Oats
Apr 18, 2017 • By

How our oats provide power and purpose

It’s a curious-looking piece of equipment the size of a small house, tucked into our plant in Fridley, Minnesota. Loud, hot and built to hide much of what it does inside.

It’s called a biomass boiler and it represents one of the biggest successes in our commitment to sustainability at General Mills (see our latest Global Responsibility Report).

Biomass-boiler

The biomass boiler inside our plant in Fridley, Minnesota.

Since 2010, the boiler has burned thousands of tons of oat hulls, which are considered waste after we separate them from the part of the oat used to make flour for Cheerios and other products.

Biomass-boiler

Oat hulls being burned, as viewed through a small window into the biomass boiler at our plant in Fridley, Minnesota.

As a result, we’ve moved away from a dependence on natural gas – burning 10 percent of our oat hulls in the boiler now provides 90 percent of the steam used to heat the Fridley plant and make oat flour. The boiler also has allowed us to stop driving hundreds of truckloads of hulls to landfills every year. And the boiler also heats the sidewalks and loading areas at the plant, to melt snow and ice in the winter.

In addition, we continue to sell thousands of tons of our oat hulls from the Cheerios supply chain to several partners for various uses. On average, two trucks an hour, 24/7, haul away the hulls.

Biomass-boiler

A truck filled with oat hulls prepares to leave the loading area at our plant in Fridley, Minnesota.

We also have been repurposing the ash from the burned oat hulls on farm fields across the Minneapolis/St. Paul area, about two truckloads a week that would have gone to a landfill instead.

Oat-hulls-ash

Oat hull ash is loaded into the back of a truck at our plant in Fridley, Minnesota.

“We’ve got a good group of farmers that we’ve worked with in the past, and their crops and what they’ve looked like after we’ve applied – it’s a real nice setup to see it go all the way through the full cycle with the ash there,” said Matt Montain, of Mountain & Company.

Oat-hulls-ash

A farm field treated with oat hull ash delivered and spread by Mountain & Company.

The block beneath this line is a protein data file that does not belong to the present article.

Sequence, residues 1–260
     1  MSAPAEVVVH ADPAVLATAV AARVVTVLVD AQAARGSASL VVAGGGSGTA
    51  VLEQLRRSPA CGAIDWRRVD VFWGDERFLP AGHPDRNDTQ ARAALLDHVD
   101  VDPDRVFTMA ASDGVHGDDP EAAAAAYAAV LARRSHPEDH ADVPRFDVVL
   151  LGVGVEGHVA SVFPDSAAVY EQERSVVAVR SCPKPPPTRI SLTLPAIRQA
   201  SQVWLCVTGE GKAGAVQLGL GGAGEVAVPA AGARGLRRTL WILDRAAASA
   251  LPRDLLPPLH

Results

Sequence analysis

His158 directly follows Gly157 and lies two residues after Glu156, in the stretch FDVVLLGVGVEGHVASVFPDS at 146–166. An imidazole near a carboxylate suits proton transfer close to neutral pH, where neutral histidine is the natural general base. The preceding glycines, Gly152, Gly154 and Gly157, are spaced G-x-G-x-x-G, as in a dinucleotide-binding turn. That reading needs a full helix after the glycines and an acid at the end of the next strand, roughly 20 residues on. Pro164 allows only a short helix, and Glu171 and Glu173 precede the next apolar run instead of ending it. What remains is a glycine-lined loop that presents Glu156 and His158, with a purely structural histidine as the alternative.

Another one of our partners is Koda Energy, in Shakopee, Minnesota. They have a boiler to burn our oat hulls to power their plant in addition to a company next door to them, as well as meet the energy needs of nearly 8,000 homes nearby (just from our oat hulls) every year.

That’s true oat power.

Koda-oat-hulls

The electrical control panels at Koda Energy in Shakopee, Minnesota.

“This is the perfect scenario, getting good resource utilization from it and benefitting society,” said Stacy Cook, general manager and vice president of operations for Koda Energy.

Cook says Koda also benefits by not having too far to go to get our oat hulls every day, reducing the miles their trucks drive.

Koda-oat-hulls

Oat hulls from General Mills, being dumped at Koda Energy in Shakopee, Minnesota, where they will be burned in Koda’s biomass boiler.

We’re featuring our biomass burner and projects with oat hulls in the latest episode of the “A Taste of General Mills” podcast. Hear from our team at the Fridley plant, Koda Energy, and Mountain & Company.

A-Taste-Of-General-Mills-Podcast

It’s easy to listen to our show when you’re on the go. Just listen on any podcast app on your mobile device (search for General Mills) or through Apple Podcasts  or right here on our blog.

Listen (16 min)

SHOW NOTES – Episode 20: April 18, 2017

Video: Oat hulls provide power

Link: ‘Oat power’ fuels another environmental award

Link: The General Mills History Minute/5 things you didn’t know about Cheerios

Video: From Oats to O’s 

Video: Our Journey to Gluten Free

Link: 2017 Global Responsibility Report

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